The coronavirus boosts the need for third-party payment risk
If there’s a silver lining from this crisis, it may be stronger partnerships between financial institutions and their regulators.
Regulators know that effectively managing financial and payments crime during this disruptive period is difficult. Some are even ceasing regular inspections or extending the time period for remediating supervisory findings. No regulator, however, will allow institutions to shirk their compliance duties.
One step financial institutions can take to strengthen relationships with regulators at this time is to map out all regulatory commitments and reporting requirements, then determine and communicate to regulators which they can complete in a timely manner. Another is to proactively and continuously communicate and document financial crime risk strategies and plans as part of their ongoing response to the crisis.
Banking is a relationship business. And this is a relationship-defining moment. Financial institutions should use this time to strengthen their partnerships with regulators.
In recent years, banks have increasingly joined forces with payment technology companies, fintechs and other third parties around the world to deliver new products and solutions to customers. There are many benefits: access to state-of-the-art technology, better operational management, and economies of scale.
But these relationships also reduce management’s direct control and can introduce new (or elevate existing) operational, reputational, compliance, and strategic risk.
More risk calls for more supervisory focus. Regulators have made it clear that outsourcing an activity or function does not relieve banks of their compliance responsibilities with all applicable securities laws and regulations. And they expect financial institutions to maintain comprehensive and rigorous oversight of these relationships, particularly ones that involve critical activities.
Today, bank dependencies on third-party providers and technologies have further increased, as they are needed to allow staff to work from home, gather, analyze, and secure data, and connect with customers remotely.
As such, being able to demonstrate an appropriate governance framework is even more critical. No matter how well prepared your own organization is, you’re reliant on your third parties that perform key functions to be just as resilient.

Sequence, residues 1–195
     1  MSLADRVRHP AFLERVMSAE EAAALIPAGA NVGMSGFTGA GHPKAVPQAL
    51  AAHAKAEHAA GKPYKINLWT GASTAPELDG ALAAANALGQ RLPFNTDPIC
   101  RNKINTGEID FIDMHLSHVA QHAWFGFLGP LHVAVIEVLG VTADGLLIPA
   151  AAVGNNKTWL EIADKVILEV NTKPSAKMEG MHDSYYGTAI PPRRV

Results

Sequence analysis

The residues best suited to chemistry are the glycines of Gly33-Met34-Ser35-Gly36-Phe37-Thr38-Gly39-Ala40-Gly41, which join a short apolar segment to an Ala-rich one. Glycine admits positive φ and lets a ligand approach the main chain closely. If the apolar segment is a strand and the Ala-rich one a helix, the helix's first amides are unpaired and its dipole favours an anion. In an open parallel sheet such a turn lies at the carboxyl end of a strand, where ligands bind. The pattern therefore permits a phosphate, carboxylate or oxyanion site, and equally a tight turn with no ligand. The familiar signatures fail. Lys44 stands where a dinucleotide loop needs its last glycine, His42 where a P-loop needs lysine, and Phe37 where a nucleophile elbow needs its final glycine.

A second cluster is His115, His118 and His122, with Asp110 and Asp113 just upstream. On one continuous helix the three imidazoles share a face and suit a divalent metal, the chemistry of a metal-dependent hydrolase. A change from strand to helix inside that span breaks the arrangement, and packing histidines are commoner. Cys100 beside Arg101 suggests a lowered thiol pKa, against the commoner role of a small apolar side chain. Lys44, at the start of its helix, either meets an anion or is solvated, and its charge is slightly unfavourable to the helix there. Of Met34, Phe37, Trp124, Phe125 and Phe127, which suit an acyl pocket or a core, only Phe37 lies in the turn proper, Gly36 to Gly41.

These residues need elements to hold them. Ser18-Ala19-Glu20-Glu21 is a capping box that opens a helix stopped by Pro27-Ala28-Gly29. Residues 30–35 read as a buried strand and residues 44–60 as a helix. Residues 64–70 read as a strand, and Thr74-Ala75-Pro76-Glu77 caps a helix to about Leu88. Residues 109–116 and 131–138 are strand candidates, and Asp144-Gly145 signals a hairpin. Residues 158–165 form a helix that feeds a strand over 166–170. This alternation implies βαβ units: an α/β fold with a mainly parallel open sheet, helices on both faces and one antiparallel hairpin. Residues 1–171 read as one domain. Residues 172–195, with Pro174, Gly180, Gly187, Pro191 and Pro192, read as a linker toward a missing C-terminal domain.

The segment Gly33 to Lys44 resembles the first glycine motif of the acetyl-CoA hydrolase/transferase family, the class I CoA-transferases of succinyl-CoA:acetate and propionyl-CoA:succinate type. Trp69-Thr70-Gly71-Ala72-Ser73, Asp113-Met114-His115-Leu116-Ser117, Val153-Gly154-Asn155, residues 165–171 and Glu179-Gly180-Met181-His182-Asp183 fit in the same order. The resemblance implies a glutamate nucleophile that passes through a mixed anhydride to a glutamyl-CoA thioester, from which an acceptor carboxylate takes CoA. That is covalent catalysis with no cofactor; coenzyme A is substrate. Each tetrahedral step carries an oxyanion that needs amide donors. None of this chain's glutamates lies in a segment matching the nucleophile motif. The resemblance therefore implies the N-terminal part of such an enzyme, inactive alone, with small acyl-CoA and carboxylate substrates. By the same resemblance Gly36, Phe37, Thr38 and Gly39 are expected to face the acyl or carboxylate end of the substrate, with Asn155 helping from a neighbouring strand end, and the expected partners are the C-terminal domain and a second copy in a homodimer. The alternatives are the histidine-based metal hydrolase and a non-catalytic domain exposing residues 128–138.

Therefore, banks should be increasingly vigilant about third-party risk management. This means strengthening your governance framework by making sure it addresses key questions about planning, selection, contracting, ongoing monitoring, accountability, and termination of third parties. Banks need to be confident that their suppliers and partners employ practices just as strong as their own.
With their privileged access to systems and data, insiders have the potential ability do more accidental or malicious damage than third parties or outside attackers. That threat increases at times of economic uncertainty, when some employees become disgruntled in the face of budget cuts and layoffs and others consider insider crime as a way to mitigate losses. It is important that institutions strengthen internal controls to surveil employee behavior, data access, and transactions and cultivate a culture of compliance.
Also, if your bank relies on a supplier for a product or service and that supplier is affected by the pandemic, then your bank may have a gap. Having a plan to locate, evaluate, and quickly onboard an alternative third-party provider will be key.
Unfortunately, financial criminals don’t rest during times of crisis. Instead, they take advantage of the fear, uncertainty, and distraction that surrounds it to ramp up their frauds and schemes. If banks do not change how they assess and manage risk and compliance, they will see a spike in financial crime affecting them and their customers.
And when a hurricane hits, the shoreline never looks the same. So, it is also imperative that FCRM management functions re-evaluate their overall strategy, operating model, policies, procedures, controls, and operations to create the foundation for greater resilience in the future.